Because of complications like Handron’s, Vidant, an academic medical center in eastern North Carolina, is likely to have its Medicare payments docked this fall through the government’s toughest effort yet to crack down on infections and other patient injuries, federal records show. Continue reading
By Jordan Rau
JUNE 19TH, 2014
A bipartisan group of senators introduced legislation on Thursday to make Medicare take the financial status of hospital patients into account when deciding whether to punish a hospital for too many readmissions.
The bill attempts to address one of the main complaints about the readmissions program: that hospitals serving large numbers of low-income patients are more likely be penalized. Continue reading
By Julie Appleby
KHN/JUNE 19TH, 2014
Consumer advocacy group Public Citizen on Thursday called on 20 hospital systems to stop partnering with companies that offer low-cost screenings for heart disease and stroke risk, saying the promotions are “unethical” and the exams are more likely to do harm than good.
Hospitals say residents benefit from the testing packages, which can cost less than $150, because some will discover they are at higher risk for heart problems or stroke early enough to take steps to reduce their risks.
But some medical groups and consumer advocates object to the programs, saying they are a waste of money for most consumers. Continue reading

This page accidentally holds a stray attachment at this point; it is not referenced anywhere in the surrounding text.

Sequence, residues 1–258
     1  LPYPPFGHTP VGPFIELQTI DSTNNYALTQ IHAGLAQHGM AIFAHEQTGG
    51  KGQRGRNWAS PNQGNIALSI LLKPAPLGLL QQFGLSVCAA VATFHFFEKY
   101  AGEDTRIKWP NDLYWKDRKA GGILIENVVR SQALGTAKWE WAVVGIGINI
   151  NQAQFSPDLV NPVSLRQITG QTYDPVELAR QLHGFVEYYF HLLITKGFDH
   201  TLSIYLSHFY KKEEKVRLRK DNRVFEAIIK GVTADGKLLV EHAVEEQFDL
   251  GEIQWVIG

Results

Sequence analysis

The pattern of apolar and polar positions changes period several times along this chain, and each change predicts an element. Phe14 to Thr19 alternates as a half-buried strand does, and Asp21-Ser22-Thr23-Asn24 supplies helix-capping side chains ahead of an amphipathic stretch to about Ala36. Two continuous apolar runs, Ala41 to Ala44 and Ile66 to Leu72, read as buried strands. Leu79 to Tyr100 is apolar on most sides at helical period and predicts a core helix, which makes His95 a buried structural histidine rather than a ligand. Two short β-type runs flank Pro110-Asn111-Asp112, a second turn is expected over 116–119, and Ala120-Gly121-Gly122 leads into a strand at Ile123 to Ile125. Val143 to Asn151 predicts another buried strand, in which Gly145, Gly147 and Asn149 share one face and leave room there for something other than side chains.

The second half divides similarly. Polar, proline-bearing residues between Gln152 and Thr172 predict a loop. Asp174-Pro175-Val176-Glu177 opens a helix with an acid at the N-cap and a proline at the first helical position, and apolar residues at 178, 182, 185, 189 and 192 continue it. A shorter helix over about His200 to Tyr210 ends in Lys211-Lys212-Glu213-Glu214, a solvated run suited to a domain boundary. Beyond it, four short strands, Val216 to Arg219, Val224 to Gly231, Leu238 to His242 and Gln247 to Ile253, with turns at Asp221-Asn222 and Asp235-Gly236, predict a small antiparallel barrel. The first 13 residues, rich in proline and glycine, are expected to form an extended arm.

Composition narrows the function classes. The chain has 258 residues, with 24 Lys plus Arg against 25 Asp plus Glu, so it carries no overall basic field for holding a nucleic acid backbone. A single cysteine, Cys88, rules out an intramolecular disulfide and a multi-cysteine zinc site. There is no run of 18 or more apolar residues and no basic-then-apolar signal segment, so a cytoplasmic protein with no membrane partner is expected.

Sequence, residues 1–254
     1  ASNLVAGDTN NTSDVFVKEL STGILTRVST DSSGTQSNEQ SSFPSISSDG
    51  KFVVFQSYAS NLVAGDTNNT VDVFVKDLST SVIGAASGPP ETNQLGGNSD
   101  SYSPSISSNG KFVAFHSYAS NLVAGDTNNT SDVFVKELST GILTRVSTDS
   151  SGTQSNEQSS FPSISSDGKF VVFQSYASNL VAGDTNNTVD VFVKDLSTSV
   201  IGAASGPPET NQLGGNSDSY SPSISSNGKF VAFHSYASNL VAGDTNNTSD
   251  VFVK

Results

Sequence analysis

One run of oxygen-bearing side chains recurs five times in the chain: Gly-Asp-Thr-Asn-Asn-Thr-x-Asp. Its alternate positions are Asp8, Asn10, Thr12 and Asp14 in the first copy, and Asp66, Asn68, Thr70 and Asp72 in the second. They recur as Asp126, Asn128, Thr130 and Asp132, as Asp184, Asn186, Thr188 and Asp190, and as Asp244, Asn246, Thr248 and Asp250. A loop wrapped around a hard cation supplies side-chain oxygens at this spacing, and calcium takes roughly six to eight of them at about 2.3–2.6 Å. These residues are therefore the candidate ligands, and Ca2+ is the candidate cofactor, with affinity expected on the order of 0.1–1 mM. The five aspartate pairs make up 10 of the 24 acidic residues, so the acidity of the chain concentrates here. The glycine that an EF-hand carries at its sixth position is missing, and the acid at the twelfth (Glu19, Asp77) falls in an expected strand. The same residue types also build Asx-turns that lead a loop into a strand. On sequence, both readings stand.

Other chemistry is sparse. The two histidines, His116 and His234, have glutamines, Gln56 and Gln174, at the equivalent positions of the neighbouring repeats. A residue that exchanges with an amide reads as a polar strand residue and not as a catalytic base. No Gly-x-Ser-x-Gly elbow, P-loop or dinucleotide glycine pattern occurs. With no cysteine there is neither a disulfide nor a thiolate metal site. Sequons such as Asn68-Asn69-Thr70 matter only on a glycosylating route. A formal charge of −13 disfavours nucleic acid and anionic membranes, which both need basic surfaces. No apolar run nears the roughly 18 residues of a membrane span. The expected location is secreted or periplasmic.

Some cancer patients and their insurers are seeing their bills for chemotherapy jump sharply, reflecting increased drug prices and hospitals’ push to buy oncologists’ practices and then bill at higher rates.
Patients say, “‘I’ve been treated with Herceptin for breast cancer for several years and it was always $5,000 for the drug and suddenly it’s $16,000 — and I was in the same room with the same doctor same nurse and the same length of time’,” said Dr. Donald Fischer, chief medical officer for Highmark, the largest health plan in Pennsylvania. Continue reading
Some heart surgeries have become so common — the angioplasty, for example, to open clogged arteries — you might think the charge for it wouldn’t vary much from hospital to hospital.
You might assume the same about hip or knee replacements, which now hold the top spot in this country as the reason for overnight hospital stays by Medicare patients.
You would be so wrong. Continue reading